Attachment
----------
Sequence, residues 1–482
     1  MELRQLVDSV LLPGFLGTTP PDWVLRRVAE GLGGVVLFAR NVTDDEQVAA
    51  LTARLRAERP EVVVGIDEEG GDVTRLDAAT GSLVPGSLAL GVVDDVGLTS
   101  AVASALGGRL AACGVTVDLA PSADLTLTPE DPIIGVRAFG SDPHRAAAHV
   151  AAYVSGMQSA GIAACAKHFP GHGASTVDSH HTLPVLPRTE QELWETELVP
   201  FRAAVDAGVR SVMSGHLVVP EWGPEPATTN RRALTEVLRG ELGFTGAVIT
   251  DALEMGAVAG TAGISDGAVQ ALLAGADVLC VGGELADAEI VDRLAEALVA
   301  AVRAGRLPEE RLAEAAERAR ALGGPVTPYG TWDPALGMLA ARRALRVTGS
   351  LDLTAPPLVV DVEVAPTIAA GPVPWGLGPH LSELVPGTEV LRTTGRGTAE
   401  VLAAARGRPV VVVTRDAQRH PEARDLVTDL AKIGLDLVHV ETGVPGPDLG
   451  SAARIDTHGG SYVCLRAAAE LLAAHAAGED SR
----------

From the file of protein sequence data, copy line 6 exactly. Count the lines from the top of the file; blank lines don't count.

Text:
   201  FRAAVDAGVR SVMSGHLVVP EWGPEPATTN RRALTEVLRG ELGFTGAVIT